GAZA CITY // Last Thursday morning, Israeli tanks and air strikes hit a haphazard building. The tanks destroyed the house, which was home to more than two families. Twenty-five people were killed. A poor worker had saved money for years and years to build the small house for his young children and the rest of his family. On the day their house was destroyed, we were able to move out of our home for the first time when the news broadcasts told us there would be a three-hour ceasefire. Both my father and I went to the market to buy food and household supplies. We went to the baker, where we found dozens of people.
Others were out looking for water companies to fill their empty tanks, while some flocked to the supermarkets. More than a few used the time to visit hospitals and the areas visibly affected by the Israeli invasion, offering what help they could. As the three hours wound down, people hurried back to their houses. Soon, no cars were on the streets, nobody walked outside. The only noises came from helicopters, F-16s and explosions. Back to the city of ghosts.
After nine days without electricity, we had some at light and some water, too. The fridge worked again, but in only six hours, we lost power again. At night, the explosions were continuous and fear mounted. Israel seems to be trying to destroy everything with every weapon it has. I lost two of my friends from the same family in Beit Lahia. They were at home when the Israeli army announced over loudspeakers that all people were to leave and not take a thing with them.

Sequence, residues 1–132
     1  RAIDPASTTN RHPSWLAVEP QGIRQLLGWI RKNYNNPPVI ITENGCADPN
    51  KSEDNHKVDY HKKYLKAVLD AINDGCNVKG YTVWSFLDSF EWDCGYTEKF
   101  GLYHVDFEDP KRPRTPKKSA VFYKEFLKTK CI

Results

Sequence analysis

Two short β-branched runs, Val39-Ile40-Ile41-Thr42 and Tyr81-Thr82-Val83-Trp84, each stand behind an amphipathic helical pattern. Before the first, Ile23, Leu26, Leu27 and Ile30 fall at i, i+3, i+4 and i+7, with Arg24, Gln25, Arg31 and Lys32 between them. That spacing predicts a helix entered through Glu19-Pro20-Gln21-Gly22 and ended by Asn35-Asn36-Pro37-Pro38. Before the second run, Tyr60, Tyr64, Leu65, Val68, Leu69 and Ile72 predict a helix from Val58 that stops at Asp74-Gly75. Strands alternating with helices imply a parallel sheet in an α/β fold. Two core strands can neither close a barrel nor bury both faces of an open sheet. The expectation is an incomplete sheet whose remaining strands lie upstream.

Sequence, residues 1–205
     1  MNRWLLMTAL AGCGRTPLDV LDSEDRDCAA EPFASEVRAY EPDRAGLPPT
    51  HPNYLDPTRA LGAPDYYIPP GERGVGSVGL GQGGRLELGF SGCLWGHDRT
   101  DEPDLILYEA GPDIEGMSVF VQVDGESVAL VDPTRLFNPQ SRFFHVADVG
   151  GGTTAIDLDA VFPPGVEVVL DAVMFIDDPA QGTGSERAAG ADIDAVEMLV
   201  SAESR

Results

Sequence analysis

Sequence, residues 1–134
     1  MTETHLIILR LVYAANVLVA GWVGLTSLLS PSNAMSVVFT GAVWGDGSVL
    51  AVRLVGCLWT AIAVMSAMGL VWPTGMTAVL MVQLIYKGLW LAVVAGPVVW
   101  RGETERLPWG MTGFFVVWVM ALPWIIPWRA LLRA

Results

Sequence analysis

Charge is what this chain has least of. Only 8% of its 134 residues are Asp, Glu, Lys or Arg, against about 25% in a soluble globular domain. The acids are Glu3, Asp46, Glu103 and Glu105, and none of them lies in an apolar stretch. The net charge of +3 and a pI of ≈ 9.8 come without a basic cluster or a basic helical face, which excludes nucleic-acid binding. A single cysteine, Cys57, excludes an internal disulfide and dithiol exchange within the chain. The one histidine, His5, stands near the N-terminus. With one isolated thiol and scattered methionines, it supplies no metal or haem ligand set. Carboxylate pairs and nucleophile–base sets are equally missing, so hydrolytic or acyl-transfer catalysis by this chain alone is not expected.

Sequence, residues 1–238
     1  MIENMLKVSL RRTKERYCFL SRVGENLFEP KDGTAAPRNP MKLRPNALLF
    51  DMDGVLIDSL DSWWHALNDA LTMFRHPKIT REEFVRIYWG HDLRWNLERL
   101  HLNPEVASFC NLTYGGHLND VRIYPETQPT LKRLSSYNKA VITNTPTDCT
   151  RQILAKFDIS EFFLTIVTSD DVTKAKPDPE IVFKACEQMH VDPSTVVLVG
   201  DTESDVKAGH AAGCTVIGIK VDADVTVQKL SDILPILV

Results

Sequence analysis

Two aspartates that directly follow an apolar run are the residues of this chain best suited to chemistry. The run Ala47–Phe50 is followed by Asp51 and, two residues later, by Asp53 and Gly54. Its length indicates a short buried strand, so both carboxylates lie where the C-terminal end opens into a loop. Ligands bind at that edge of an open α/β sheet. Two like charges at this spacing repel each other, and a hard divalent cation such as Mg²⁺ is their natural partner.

The tanks did not wait until people left their houses. They started shooting haphazardly and a house caved in on some people, including my friends. I listened to the radio announce that Israel had invaded the Al Sheikh Ejleen neighbourhood near the sea, west of Gaza City, a neighbourhood full of civilian houses. It begins with a vegetable market and contains fields and civilian houses. It has nothing related to the resistance or even a government building. The Israelis destroyed the vegetable market.
We are becoming more and more afraid in Gaza, especially since Israel refused the UN Security Council call for a ceasefire and withdrawal from the Gaza Strip. We hope the coming days will hold something positive for us in the Gaza Strip, and we wish things will get better. We just pray for our safety. Muhammad Abu Shaban, 22, studies English and French literature at Al Azhar University. He is a translator and project manager for the General Union of the Cultural Centres. He lives in Gaza City with his family.